2014 GSA Annual Meeting in Vancouver, British Columbia (19–22 October 2014)

Paper No. 134-11
Presentation Time: 11:30 AM


DIETL, Gregory P., Paleontological Research Institution, 1259 Trumansburg Road, Ithaca, NY 14850, SMITH, Jansen A., Earth and Atmospheric Sciences, Cornell University, Ithaca, NY 14850, ZAMORA, Hector A., Department of Geosciences, University of Arizona, Tucson, AZ 85721, DURHAM, Stephen R., Department of Earth and Atmospheric Sciences, Cornell University, Ithaca, NY 14853 and FLESSA, Karl W., Department of Geosciences, University of Arizona, 1040 E. 4th St, Room 208, Tucson, AZ 85721

The over-allocation of the Colorado River’s water has led to the ecological devastation of its delta. In the past, the Colorado River annually delivered over fifteen million acre-feet (~1.85x1010 m3) of water to its delta but in recent years that number has been zero. Recently, environmental pulse flows equal to approximately 1% of the natural annual river discharge were negotiated by the United States and Mexico to be released over a five-year trial period.

In the week prior to the first pulse, which occurred on March 23, 2014, we traveled to the Colorado River Delta (CRD) to collect a pre-pulse flow baseline for the benthic molluscan community. We expected low live-dead agreement in species composition given the consensus that the damming of the Colorado River significantly changed the molluscan community. Preliminary analysis of our data, from 91 live-dead samples from two localities, using a plot of taxonomic similarity (Jaccard-Chao; JC) versus rank-order abundance (Spearman’s Rho; Rho), indicated, however, that there is high concordance between live and death assemblages; that is, all data points fall within the upper right quadrant of the JC-Rho plot. It is possible that the death assemblage has been altered in the decades since the Colorado River was dammed and that its pre-dam signal has been overprinted by recent inputs. However, we also collected 15 bulk samples from nearby beach-ridge accumulations (cheniers) known to be from the pre-dam era. In a follow-up analysis, comparing the chenier assemblage with the live-dead dataset, all points fell once again in the upper right quadrant of the JC-Rho plot.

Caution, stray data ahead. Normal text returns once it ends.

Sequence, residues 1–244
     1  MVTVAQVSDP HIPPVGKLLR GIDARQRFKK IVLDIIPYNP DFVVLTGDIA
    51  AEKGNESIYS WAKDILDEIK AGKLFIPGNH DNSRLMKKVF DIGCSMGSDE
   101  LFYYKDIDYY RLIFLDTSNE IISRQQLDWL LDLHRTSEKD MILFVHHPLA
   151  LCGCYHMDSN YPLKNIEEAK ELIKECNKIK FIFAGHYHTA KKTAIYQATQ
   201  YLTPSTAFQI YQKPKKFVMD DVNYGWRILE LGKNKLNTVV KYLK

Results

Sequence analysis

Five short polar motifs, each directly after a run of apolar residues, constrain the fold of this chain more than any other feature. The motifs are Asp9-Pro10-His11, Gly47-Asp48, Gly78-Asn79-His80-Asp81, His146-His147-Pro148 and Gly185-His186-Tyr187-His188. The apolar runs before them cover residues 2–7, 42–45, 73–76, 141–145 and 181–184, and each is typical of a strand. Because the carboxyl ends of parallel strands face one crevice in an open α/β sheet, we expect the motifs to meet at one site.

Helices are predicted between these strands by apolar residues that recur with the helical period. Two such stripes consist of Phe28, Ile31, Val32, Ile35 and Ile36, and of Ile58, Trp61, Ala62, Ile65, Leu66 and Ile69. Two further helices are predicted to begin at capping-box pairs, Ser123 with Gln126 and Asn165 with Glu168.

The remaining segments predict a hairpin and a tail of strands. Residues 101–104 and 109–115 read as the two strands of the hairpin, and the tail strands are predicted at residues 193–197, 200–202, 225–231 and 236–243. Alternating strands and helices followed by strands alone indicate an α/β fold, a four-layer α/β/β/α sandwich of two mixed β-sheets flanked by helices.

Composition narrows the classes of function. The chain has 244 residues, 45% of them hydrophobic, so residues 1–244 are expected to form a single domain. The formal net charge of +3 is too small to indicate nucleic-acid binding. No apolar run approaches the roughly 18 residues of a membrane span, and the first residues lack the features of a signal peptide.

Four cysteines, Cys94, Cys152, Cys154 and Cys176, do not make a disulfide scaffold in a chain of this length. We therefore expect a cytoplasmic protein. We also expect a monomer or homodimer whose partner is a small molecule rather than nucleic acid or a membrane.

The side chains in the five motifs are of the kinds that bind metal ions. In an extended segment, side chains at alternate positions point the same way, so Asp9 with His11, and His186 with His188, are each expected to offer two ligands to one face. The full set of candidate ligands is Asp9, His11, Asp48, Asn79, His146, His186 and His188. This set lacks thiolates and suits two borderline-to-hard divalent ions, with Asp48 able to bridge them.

Although live-dead fidelity in species composition was high, Hurlbert’s Probability of Interpecific Encounter (PIE) showed a large difference between live (PIE = 0.667), dead (PIE = 0.457), and chenier (PIE = 0.259) samples, suggesting that the abundance of species in the live assemblage is more even than the death assemblage, and that both are more even than the pre-dam chenier assemblage. These results are consistent with the consensus that the once dominant bivalve, Mulinia coloradoensis, has declined in recent years as a result of increasing salinities in the CRD. As a baseline metric for assessing the restoration effects of the pulse-flows, PIE is more sensitive than the JC-Rho plot in detecting ecological changes.